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    When All In The Family premiered in 1971 it took some chances. Remember that the CBS lineup at the time included The Beverly Hillbillies, Gunsmoke, and Green Acres - hardly the stuff of controversy. Controversial "Laugh-In" had been racking up big ratings for a couple of years, but second-rate NBC had nothing to lose by taking chances.Besides broaching all of the controversial topics of the day - abortion, the Vietnam War, homosexuality, and race relations, the show dared to say something that was seldom said on stage or screen before - that bigotry and racism thrived north of the Mason Dixon line, and found particularly safe harbors in some of the urban areas of what is normally thought of as the heart of liberalism. In this case, the Bunker household is in Queens, New York.The year is 1971, and before outsourcing is even a word, Archie Bunker is able to maintain a middle class lifestyle in New York City with a blue collar job and a stay-at-home wife, Edith. He will never be anything more than he is right then. Archie holds very conservative though not well thought out - or at least not well articulated - viewpoints. And then his 18 year old daughter Gloria marries a liberal. Mike is an atheist with a Polish Catholic background, and stands for everything Archie is against. The icing on the cake - he's a penniless student and he will be a guest in Archie's home for the next several years while he finishes the university degree that will enable him to look down on Archie forever afterwords. It's funny this last point is brought up only once, by the observant if subservient Edith, Archie's wife.For a few seasons all was well, and then this show and MASH suffered a series of crushing blows - the Vietnam War ended, Nixon was disgraced, and the controversial views held by Archie's son-in-law Mike began to enter the mainstream. Thus the show had to come up with new angles to stay fresh, and it did that, even managing to negotiate the loss of three of the four main characters and a neighboring family that played an important supporting role, the African-American Jeffersons. Today it looks somewhat tie-dyed, but it's still worth studying just to see mainstream viewpoints change before your eyes.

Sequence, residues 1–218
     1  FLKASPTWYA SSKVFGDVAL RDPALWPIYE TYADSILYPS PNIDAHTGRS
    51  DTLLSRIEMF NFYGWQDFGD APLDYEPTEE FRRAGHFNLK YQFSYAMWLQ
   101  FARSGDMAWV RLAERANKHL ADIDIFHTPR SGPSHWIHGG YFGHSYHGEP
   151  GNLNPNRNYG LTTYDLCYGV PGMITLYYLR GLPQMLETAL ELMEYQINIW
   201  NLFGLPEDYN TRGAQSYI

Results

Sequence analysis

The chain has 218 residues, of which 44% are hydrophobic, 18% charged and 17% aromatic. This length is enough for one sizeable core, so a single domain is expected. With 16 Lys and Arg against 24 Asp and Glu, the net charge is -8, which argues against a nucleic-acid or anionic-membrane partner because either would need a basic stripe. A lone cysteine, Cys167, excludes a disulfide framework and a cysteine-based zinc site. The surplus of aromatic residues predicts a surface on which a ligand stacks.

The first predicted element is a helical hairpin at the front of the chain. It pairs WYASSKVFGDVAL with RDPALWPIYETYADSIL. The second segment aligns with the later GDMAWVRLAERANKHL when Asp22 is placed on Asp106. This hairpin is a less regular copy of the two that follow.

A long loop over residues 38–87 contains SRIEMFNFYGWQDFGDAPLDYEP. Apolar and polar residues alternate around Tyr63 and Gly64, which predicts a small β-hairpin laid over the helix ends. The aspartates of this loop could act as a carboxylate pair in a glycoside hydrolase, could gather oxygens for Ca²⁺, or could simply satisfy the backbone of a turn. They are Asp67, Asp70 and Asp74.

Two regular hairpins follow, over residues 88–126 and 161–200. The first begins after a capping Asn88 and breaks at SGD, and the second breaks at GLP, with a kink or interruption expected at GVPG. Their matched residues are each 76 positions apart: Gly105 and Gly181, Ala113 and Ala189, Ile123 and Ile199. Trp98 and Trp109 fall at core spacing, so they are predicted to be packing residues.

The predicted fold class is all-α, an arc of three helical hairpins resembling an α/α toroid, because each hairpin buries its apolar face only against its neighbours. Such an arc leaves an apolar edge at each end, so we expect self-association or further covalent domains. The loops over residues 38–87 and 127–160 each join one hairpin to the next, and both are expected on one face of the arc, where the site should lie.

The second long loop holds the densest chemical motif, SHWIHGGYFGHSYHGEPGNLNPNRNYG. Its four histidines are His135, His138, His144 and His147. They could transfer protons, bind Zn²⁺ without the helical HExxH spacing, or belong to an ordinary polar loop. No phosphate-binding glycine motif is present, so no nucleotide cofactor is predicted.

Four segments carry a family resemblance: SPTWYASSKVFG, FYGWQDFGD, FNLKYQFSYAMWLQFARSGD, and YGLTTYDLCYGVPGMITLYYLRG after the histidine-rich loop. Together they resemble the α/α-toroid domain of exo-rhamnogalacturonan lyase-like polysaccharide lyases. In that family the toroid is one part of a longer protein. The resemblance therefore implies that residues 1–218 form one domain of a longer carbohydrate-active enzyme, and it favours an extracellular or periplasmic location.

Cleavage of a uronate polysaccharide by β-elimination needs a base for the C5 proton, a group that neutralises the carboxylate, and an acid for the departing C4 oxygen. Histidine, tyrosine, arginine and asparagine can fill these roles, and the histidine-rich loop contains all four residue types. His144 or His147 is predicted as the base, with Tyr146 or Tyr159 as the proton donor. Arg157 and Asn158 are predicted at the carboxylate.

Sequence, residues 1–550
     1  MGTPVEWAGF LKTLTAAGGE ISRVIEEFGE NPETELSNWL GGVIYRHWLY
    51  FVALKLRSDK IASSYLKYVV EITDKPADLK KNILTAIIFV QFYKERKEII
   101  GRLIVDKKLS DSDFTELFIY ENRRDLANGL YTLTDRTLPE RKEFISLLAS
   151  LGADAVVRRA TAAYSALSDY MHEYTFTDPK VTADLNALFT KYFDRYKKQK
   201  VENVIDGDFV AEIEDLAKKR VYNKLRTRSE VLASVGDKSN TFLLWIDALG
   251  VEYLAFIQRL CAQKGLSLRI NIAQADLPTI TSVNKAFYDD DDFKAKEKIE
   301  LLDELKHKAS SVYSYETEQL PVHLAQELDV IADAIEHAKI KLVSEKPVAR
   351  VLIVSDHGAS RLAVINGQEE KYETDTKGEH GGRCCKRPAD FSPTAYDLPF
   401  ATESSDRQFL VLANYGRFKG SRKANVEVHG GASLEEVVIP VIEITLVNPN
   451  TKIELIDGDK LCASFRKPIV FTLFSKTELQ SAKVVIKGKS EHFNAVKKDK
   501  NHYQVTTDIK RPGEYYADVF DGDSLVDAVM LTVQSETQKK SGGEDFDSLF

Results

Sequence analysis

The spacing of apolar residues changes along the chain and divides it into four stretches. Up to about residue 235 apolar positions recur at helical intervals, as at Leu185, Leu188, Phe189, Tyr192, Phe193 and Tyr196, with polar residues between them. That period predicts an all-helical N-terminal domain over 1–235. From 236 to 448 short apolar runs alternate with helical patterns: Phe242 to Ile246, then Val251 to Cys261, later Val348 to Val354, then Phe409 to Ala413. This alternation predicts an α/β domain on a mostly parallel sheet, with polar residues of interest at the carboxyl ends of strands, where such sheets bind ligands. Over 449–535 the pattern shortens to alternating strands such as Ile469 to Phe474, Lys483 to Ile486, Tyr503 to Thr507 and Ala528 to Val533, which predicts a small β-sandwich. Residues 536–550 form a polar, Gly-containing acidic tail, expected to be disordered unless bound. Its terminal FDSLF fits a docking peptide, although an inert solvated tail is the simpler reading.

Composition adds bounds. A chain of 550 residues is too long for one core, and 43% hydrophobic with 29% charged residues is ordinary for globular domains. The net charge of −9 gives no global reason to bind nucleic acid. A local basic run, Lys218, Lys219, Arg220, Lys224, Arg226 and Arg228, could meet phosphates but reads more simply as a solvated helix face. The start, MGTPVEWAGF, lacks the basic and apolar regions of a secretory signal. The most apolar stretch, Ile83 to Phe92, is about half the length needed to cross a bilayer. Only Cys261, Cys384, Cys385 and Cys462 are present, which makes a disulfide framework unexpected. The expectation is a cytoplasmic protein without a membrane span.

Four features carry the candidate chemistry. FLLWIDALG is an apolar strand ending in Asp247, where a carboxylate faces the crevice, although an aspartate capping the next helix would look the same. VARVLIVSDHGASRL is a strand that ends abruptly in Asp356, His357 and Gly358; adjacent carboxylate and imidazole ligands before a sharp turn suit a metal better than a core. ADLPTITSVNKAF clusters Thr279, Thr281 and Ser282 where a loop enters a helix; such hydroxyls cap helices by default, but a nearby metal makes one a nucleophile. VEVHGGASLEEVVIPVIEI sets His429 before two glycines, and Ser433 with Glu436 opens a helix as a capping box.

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    This television show changed everything on TV after it. It broke so many grounds. It was one of the first sitcoms to deal with prejudice, politics, war, and was the first television show to feature the sound of a flushing toilet. The main character, Archie Bunker, is an old-fashioned bigot who represents the working man in America. His wife, Edith Bunker, represents the old-fashioned house wife in the 1950's. Archie an Edith's daughter Gloria and her husband Micheal live with the Bunkers in a suburb of New York City. The Show took on so many controversial topics of the time such as the Vietnam War and Watergate. It could always find humor in everyday suburban life. It was mostly dealing with the old-fashioned way of life (Archie), being confronted by the easy-going hippie lifestyle (Micheal) during the 1970's. All the humor is in Archie and Micheal's feuds and bickering due to the twos different beliefs. This sitcom is one of the best.